Maybe you mean that you’re having trouble figuring out how it was crocheted. Well, the Electra Wrap is all about visual illusions. It’s actually just a simple rectangular wrap. The stitch pattern is 100% crochet love knots. A big reason for the Electra effect is the triangular grid structure. This is an uncommon look for this stitch. A square mesh grid of love knots, on the other hand, is so common that it’s practically a stereotype. My newsletter issue #62 contrasts these two basic types of crochet lace grids.

    Q: Yes but it looks like more than just that! Why?

    A: Three reasons:

    1. The flowery stars. A beautiful feature of triangular lace grids is how triangles tile into hexagonal six-spoked shapes.
    2. This starry flowery lace is love knots. You can crochet triangular lace grids with many different stitches. Love knots bring their own unique magic. They also show off special yarns…see #3.
    3. I used yarn that is so elegant it dazzles the eye. I’m serious! I’ve worn the Electra Wrap in conferences, guild meetings, yarn shops, and love knot classes. Even when a person is familiar with crocheting triangular lace grids – and the love knot stitch, and sees it up close in person, Electra is still a bit mysterious. The yarn’s a factor.

    Q: How did you add all those tiny sequins?

    A: I paid the yarn to do that! Tiny sequins were spun right into the yarn for me. (I’d personally never add the sequins by hand because this would interrupt how quick love knots are to crochet.)

    Here’s the deal with the yarn. A mystery-enhancing effect of the Electra Wrap love knot pattern is it’s crocheted double-stranded. Each love knot shows off two yarn strands. Each strand plumps up and doubles the 3-D loft. That’s why I included that last photo of the Lovepods Boa.

    I held one strand of fine mohair yarn together with one sequined strand while I crocheted. Electra’s yarn specs:

    • Glossy sequined strand: S. Charles Collezione Crystal (85% polyester, 15% cotton; 144 yd {131 m} per .88 oz {25 g}; CYC “#0 Lace Weight”): color #11, 3 skeins.
    • Glittery mohair strand: S. Charles Collezione Luna (71% super kid mohair, 20% silk, 9% lurex; 232 yd {212.5 m} per .88 oz {25 g}; CYC “#0 Lace Weight”): color #25, 2 skeins.

    Even the tiniest sequins can be hard to crochet with. They catch on yarn strands as you pull loops through loops. The solution is to buffer the sequins with fibers. Mohair is great for this.

    Q: I need to use different yarn, though. Can I? Should I?

    A: YES you can, absolutely. The proof is in all the different yarns people have used for their lovely Electras. See this Electra project gallery in Ravelry.

    I can think of lots of reasons why one should use a different yarn, and why one should not.

    Definitely use the yarns I used if:

    • …You want that ethereal, fairy godmother, fashion couture mystique. I can’t imagine a better yarn combination for this. The yarns I used are top of the line fashion yarns from a venerable Italian mill. They are pricy and yet they’re a bargain. Their high quality is clearly evident in the finished Electra Wrap. It’s part of the mystique. (Hint: it’s the ultimate gift.)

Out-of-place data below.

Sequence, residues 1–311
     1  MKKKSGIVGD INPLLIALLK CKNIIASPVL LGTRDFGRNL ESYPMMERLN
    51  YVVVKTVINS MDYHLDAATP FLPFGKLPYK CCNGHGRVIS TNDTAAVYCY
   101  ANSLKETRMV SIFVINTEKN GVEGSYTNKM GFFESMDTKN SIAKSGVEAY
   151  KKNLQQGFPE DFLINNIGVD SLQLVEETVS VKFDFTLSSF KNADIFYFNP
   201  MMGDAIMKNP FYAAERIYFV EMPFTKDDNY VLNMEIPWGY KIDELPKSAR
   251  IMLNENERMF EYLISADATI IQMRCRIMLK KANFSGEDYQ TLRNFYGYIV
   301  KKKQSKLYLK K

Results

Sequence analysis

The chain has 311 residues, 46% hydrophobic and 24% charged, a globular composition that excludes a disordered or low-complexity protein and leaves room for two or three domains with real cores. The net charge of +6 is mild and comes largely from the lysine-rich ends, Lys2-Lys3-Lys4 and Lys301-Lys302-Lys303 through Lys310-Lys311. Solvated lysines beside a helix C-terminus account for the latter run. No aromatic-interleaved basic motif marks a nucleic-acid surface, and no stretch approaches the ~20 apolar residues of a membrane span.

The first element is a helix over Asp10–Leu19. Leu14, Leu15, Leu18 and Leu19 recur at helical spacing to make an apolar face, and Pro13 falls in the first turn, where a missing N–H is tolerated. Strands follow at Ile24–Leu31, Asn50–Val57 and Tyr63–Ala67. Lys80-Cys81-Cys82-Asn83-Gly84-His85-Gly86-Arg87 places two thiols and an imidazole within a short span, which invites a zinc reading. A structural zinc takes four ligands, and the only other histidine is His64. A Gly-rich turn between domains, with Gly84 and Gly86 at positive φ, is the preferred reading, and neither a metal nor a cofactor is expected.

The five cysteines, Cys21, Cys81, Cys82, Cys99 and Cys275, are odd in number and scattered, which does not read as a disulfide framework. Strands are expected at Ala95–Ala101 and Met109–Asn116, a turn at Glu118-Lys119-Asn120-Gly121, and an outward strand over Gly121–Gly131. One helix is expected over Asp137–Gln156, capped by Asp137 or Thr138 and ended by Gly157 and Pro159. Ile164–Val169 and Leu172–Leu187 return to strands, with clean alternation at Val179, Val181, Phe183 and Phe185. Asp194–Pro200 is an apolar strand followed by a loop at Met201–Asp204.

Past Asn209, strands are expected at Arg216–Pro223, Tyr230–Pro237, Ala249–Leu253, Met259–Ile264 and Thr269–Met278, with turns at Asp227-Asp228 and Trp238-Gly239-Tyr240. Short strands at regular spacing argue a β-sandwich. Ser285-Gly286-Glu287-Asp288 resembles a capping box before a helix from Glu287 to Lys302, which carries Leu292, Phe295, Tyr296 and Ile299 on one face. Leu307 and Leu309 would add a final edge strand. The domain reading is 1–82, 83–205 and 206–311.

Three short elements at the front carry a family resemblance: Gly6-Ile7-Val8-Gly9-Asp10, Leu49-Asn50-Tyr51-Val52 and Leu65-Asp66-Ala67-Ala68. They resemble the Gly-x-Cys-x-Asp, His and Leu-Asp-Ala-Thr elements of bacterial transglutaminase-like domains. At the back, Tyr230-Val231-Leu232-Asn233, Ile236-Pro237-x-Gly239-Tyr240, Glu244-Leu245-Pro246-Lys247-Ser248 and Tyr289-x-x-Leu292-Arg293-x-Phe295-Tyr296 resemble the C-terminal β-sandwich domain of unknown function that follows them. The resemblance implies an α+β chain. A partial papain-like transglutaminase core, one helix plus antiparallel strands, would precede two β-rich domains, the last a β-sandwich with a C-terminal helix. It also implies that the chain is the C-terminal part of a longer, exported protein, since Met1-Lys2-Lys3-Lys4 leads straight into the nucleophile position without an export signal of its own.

• …You’re susceptible to swooning while you’re crocheting. I’m not exaggerating when I say that crocheting Electra kept taking my breath away. I finished two of them quickly. I didn’t want to set down my crochet hook! I fantasized about Electra when I was away from it! If you’ve ever “pined” for a crochet project you’ve fallen for, then you know what I mean. The rest of you might be laughing at me right now 🙂
    • …You want practical warmth as well as maximum magic and weightlessness. The mohair in this yarn combo gives other practical benefits, too. (I wrote a newsletter issue about this.)

    Use different yarns if:

    • …You’re allergic to mohair. Mohair and love knots have a special affinity. Both add a weightless magical something. One way to get a mohair effect is with a brushed synthetic yarn. Other natural fibers can also add a halo. Angora is an obvious example. Halo is a laceweight brushed baby alpaca yarn.
    • …You’ve stashed some skinny yarns and bling threads that are difficult to crochet with by themselves. Electra can be a great stashbuster project for these. See this blog post about fun with double stranding.
    • …You want more of a casual daytime layer. Use thicker yarns – two strands held together, or singly. Maybe you want more of a boho artsy look. Try artisan space-dyed torn silk ribbon yarns, or irregular hand spun textures.

    Q: I’m confused about the Electra Wrap love knot pattern in the magazine. Can you help me with that?

    A. If you have the 2013 magazine version of the pattern and need help with it:

    1. Contact the magazine. The company has pattern support staff for their patterns. They also have a forum called Crochet me.
    2. Ask a question any time in Vashti’s Crochet Lounge – lots of friendly, helpful crocheters there. It’s a Ravelry group. Chances are good that your question has already been answered there. Interweave Crochet magazine fans also have a Ravelry group.
    3. I urge you to buy & download my expanded 2014 edition of this Electra Wrap love knot pattern from the DesigningVashti shop, or my Ravelry shop. It has a stitch diagram, how-to photos, and other details that help students in my love knot classes.

    A stitch diagram is essential for this design. Due to space limitations of printed magazines, the 2013 Electra pattern version is missing a stitch diagram and other helpful info. A stitch diagram reveals how simple the construction really is. It breaks the spell (those multiple visual illusions I’ve described above).